27 October 2010

More anti-Catholicism, this time from San Francisco

Friend and reader William passed along this post from The Catholic Key about an apparently legal case of anti-Catholicism from the City of San Francisco (with my emphases and comments):

Last Friday, an eleven-member panel of the Ninth Circuit Court dismissed a claim by Catholics in San Francisco that the City Board of Supervisors violated the Establishment Clause when they denounced Church teaching and urged the Archbishop of San Francisco to defy the Vatican [I thought First Ammendment protected against the government impeding in the free exerceise of religion]. A little background is warranted.

Early in 2006, Cardinal William Levada, Prefect of the Congregation for the Doctrine of the Faith, issued a statement clarifying that Church agencies should not place children for adoption with same-sex couples [there's no real surprise here]. The statement had particular significance for Levada’s former Archdiocese of San Francisco, whose Catholic Charities agency had been placing children for adoption with same-sex couples.

In response to Cardinal Levada’s statement, the San Francisco Board of Supervisors passed a resolution denouncing the Vatican’s foreign meddling, demanding Levada retract his “hateful,” “insulting,” “discriminatory,” “callous” and ignorant directive, and urging current San Francisco Archbishop George Niederauer and Catholic Charities “to defy all discriminatory directives of Cardinal Levada.” [Why have they not passed a similar resolution against the Muslim faith?]Members of the Board of Supervisors also threatened to remove funding from Catholic Charities’ other programs unless they did defy the Vatican [might that not be coersion?] (The City was not funding the adoption program at Catholic Charities) [more].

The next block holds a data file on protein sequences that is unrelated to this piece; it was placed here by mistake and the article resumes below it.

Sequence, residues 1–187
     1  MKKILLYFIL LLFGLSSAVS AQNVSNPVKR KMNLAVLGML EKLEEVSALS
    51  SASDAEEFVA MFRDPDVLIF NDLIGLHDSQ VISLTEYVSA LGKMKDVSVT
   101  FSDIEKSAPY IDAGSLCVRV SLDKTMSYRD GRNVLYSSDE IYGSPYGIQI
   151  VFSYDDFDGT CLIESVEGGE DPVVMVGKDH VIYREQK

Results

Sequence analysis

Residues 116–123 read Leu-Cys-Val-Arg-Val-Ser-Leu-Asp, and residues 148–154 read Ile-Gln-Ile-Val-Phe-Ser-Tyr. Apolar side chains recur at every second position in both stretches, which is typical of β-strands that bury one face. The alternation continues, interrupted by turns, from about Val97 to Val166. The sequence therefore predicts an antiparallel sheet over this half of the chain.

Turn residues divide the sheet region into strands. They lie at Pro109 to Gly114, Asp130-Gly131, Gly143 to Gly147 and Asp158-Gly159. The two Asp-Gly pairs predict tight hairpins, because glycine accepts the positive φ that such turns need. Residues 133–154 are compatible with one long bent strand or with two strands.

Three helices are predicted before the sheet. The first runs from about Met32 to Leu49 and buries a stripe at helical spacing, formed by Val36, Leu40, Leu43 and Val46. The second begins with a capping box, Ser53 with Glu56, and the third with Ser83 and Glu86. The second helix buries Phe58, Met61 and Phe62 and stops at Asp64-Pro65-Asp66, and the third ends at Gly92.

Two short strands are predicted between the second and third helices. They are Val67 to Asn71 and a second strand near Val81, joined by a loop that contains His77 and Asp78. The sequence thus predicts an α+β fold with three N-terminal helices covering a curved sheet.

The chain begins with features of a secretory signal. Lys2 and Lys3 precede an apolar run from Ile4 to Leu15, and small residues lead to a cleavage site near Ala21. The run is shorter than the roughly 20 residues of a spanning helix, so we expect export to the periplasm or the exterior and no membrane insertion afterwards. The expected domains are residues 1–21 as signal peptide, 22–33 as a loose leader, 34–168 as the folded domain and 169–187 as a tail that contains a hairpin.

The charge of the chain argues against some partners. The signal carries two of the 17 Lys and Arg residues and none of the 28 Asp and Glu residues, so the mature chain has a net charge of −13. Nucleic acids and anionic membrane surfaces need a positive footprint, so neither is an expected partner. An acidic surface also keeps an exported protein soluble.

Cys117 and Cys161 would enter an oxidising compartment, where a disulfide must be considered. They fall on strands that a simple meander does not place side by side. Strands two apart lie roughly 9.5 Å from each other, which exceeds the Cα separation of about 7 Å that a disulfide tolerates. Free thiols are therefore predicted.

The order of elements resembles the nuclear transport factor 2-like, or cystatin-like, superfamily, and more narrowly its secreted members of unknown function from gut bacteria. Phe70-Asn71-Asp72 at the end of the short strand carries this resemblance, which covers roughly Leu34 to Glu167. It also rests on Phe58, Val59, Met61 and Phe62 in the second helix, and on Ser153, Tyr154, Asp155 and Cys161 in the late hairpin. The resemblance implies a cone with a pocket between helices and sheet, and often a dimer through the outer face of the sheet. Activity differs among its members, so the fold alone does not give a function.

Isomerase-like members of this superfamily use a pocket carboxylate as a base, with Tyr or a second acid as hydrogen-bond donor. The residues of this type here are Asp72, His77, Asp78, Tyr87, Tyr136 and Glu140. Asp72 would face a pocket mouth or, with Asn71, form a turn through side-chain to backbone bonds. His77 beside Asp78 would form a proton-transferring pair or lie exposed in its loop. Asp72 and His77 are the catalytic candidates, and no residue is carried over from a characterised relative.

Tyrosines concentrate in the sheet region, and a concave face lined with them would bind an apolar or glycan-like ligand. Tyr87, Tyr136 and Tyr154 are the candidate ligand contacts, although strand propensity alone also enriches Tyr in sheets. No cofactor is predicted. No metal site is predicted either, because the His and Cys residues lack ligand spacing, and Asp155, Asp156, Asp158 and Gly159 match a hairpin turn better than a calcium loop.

1. Although I happen to disagree with the Church's policy of not placing children into homes in which same-sex couples are loving parents, it does seem clear that the SF City Board of Supervisors DID violate the establishment clause. If I do not want my Church dictating everyone else's choices in civil law, I also do not want my government (or anyone's city government) to dictate what any religious faith can teach or sanction or condemn.

    Thanks for posting this. On both the left and the right, we need to be vigilant about maintaining the establishment clause (even if Christine O'Donnell in Delaware is doubtful as to its existence).

  2. O'Donnell is correct. At best, the First Ammendment separates the State from the Church, but it says nothing about the Church being involved in the life of the State.